Georges Clemenceau: A Political Biography

By David Robin Watson | Go to book overview
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10

CLEMENCEAU
AS STRIKE-BREAKER

I THE DRAVEIL STRIKE

Simultaneously the government had to face another conflict with the trade union movement. This resulted from the serious incidents at Draveil on I June when two workers were killed by the police, and at Villeneuve-St Georges on 30 July when a violent demonstration ended with four killed and over fifty wounded. Draveil was a village on the banks of the Seine, close to the small town of Villeneuve-St Georges, a few miles outside Paris, where gravel pits were worked. The incidents arose from a strike of the workers in the pits which began on 3 May. 66 As usual there were violent conflicts between the strikers and blackleg workers, and in the course of one such disturbance two workers were shot dead by the police on I June. In contrast to the 1907 riots in the Midi, and the trouble during the mining strike of 1906, it appears that on this occasion the police had acted in a quite unjustified way. Their claim that they were shooting in self-defence was without foundation. Nevertheless, in the Chamber on II June, Clemenceau defended the police action, accepting their version of events, and launching into an attack on the C.G.T. Obviously he had decided on a showdown. As he had pointed out on more than one occasion, in order to keep a majority for moderate reforming legislation it was necessary for the government to demonstrate that it was able to maintain public order. This he proceeded to do, as a necessary counterpart to persuading the reluctant Senate to support the government's legislative measures. Instead of condemning the police action, or even disengaging his responsibility until the judicial investigation had established all the circumstances, Clemen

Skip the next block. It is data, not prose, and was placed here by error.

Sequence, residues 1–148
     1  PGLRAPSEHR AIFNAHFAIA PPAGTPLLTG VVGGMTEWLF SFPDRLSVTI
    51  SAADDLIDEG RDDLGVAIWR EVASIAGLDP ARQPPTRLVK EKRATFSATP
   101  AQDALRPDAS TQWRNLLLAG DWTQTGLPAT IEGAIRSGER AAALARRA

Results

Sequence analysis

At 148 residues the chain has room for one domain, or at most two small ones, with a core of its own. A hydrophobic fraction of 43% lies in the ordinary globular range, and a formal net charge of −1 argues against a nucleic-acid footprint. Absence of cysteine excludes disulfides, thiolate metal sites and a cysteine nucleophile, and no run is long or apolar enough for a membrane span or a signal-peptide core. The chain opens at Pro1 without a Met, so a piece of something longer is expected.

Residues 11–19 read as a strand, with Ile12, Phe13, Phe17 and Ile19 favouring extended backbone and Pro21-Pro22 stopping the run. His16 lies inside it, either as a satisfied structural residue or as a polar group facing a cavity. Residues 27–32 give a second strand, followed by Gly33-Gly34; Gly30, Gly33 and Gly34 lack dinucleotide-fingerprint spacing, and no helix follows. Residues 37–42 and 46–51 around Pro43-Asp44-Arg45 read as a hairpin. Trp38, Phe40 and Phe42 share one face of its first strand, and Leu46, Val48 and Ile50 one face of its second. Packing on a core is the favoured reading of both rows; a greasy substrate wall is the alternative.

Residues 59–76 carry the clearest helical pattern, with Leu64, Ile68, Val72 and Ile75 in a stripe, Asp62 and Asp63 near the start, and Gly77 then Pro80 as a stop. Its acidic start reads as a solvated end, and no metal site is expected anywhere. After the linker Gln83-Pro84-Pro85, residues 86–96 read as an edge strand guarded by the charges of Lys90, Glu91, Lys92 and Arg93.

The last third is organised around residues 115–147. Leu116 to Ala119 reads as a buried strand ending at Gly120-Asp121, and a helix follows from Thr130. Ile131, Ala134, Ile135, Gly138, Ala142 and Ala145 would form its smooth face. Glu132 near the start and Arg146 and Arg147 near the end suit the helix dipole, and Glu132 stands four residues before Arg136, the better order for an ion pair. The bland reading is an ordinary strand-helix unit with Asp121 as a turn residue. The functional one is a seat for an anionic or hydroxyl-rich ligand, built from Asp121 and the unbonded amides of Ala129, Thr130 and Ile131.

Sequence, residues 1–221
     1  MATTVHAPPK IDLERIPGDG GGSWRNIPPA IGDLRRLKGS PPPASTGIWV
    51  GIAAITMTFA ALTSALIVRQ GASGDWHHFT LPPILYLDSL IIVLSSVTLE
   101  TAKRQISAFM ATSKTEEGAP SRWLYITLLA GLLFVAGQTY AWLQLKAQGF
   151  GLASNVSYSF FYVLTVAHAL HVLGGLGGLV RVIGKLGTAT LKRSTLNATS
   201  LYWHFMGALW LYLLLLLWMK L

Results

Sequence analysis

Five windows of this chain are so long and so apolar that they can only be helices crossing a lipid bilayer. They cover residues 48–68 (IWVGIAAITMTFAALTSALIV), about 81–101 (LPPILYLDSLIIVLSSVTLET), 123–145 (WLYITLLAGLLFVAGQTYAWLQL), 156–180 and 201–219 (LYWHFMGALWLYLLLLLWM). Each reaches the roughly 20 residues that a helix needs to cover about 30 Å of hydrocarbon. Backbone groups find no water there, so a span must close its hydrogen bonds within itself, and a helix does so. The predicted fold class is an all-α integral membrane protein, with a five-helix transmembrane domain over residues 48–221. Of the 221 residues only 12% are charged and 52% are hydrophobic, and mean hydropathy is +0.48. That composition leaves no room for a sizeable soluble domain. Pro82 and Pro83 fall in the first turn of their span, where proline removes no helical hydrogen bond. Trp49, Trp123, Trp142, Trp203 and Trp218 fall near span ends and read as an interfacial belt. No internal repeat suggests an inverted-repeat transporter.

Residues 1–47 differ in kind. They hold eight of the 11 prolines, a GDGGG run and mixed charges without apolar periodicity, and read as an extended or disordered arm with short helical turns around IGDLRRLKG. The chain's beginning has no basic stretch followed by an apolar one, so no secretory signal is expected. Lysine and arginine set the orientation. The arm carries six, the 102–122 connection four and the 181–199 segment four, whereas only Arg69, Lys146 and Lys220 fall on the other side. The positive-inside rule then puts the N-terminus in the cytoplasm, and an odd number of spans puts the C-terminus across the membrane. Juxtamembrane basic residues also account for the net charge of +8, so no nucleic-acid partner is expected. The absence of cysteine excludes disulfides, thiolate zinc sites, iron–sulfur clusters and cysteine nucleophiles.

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66
For a detailed analysis of these events, see J. Julliard, Clemenceau, Briseur de Grèves (1965).

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